The Balearic Islands are an ideal holiday destination for visitors from the UK looking for either a sunny summer getaway or somewhere to soak up some much needed winter sun. Not only are they just a short 2-hour flight away, but there is also a great range of places to stay, depending on what you want from your holiday. Majorca is the central island, Ibiza lies to the southwest and Menorca is located in the northeast. The climate on all three islands is generally very similar and every year the region’s fabulous white sandy beaches and stunning coastline enjoy around 250 days of sunshine. |
Menorca is possibly the least well known of the three islands, partly due to the glamorous reputation of the other two. Both Ibiza and Majorca have made their name among the celebrity yacht owning crowd and the avid British partygoer, and are consequently much more tourist focussed.
Despite the difference in the demographics of the visitors, however, is there a difference between the three islands when you consider the geography - particularly between Menorca and Majorca?
Majorca is very popular among fans of the package holiday and has been hosting thousands of holidaymakers looking for summer or winter sun for many decades. The island has some excellent resorts for families who love its energetic atmosphere and warm welcome and so it can get very busy during summer holidays. Equally, winter sun worshippers keep the island busy in the rest of the year.
Conversely, Menorca is a much smaller island, both with regards to population and area. Its much more relaxed atmosphere conveys the fact that the people here live with a more evident Mediterranean outlook. Having escaped the package holiday crowds on the whole, Menorca is less built up and retains much more of a local feel.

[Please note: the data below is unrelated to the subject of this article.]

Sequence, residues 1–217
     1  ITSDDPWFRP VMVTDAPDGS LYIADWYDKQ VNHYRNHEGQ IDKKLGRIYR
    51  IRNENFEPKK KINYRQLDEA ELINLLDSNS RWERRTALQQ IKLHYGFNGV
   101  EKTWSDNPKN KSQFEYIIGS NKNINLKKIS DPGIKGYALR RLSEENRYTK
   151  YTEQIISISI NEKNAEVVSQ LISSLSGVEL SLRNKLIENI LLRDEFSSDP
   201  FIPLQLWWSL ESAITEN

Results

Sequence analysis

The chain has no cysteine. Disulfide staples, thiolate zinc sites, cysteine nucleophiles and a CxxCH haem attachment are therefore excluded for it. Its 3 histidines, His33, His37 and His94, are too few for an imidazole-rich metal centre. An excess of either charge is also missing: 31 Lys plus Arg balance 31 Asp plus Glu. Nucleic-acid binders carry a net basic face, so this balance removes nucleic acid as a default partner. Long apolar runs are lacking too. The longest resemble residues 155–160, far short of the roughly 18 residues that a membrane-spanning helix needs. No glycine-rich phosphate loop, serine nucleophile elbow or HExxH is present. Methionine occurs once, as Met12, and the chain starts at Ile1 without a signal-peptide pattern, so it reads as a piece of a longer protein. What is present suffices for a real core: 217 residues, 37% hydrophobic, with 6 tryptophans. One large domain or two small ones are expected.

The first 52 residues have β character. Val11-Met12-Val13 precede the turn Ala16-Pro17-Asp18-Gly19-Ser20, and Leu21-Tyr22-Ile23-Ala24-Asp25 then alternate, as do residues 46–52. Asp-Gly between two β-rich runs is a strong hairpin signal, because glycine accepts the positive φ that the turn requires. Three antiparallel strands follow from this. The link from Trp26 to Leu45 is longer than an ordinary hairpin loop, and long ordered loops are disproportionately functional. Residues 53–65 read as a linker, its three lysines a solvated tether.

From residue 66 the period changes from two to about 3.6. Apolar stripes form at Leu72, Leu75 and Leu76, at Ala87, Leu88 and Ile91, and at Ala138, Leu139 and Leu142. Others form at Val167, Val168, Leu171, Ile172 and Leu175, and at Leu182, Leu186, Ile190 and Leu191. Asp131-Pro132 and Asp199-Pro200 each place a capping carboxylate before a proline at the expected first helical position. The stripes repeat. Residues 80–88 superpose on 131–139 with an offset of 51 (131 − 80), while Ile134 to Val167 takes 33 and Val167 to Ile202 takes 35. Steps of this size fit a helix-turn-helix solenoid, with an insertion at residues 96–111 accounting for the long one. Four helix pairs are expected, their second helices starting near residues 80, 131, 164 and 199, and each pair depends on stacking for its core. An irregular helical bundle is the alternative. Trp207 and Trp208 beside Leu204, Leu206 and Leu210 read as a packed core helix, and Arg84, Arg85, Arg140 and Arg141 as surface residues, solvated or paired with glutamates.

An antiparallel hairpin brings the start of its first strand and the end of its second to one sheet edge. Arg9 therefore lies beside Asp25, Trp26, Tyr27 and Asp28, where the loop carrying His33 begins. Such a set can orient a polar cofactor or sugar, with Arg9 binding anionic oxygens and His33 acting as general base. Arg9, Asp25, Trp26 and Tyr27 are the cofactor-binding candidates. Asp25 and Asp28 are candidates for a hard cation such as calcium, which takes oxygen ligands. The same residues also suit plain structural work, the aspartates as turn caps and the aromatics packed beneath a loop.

What is Out and About?
As soon as you arrive in Majorca you will notice the mountains. The Serra de Tramuntana range spectacularly divides the country from north-west to north-east and its dramatic landscape attracts climbers, mountain bikers and lots more outdoor enthusiasts.
Menorca, however, is very different. The terrain is much more undulating and therefore attracts those who enjoy a more relaxed activity - for example the kind of cyclist who perhaps prefers to take their time and explore the area in a less adrenaline-infused fashion. In 1993 the island became a UNESCO Biosphere Reserve, which is great news for the active conservationists who are focussed on preserving both the coastline and the inland communities. Menorca is home to the famous Camí de Cavalls, the ancient pathway that circumnavigates the whole island. Springtime sees this path lined with a stunning display of beautiful wild flowers.
In the southern region of Menorca, the island is made up primarily of limestone. Hugging the coastline are endless beaches, blessed with picture postcard soft white sand. Red sandstone dominates the geology in the north and the coastline is much more descriptive, featuring inlets, crags and coves, as well as a few lighthouses that can be visited. If sailing or windsurfing is on your agenda, head to The Bay of Farnells, which is perfect for beginners too.
For those easily enticed by the lure of natural beauty, Menorca is the island to choose. Whether it’s summer or winter sun you are looking for, the contrasting coastal landscapes and the distinct rural heart of the island make this destination a tough one to beat.
Brenda Jaaback, Managing Director of Bartle Holidays, is a renowned Menorca expert. From its history to its people and from its wildlife to its cuisine - no secret of the island remains hidden to her. If you're coming to enjoy some winter sun or simply to enjoy the island's stunning natural surrounds, Brenda personally selects the finest properties for her clients and is the go-to person for anyone planning a relaxing break in Menorca. Bartle Holidays makes no warranty as to the accuracy of information contained in this article and excludes any liability of any kind for the information.
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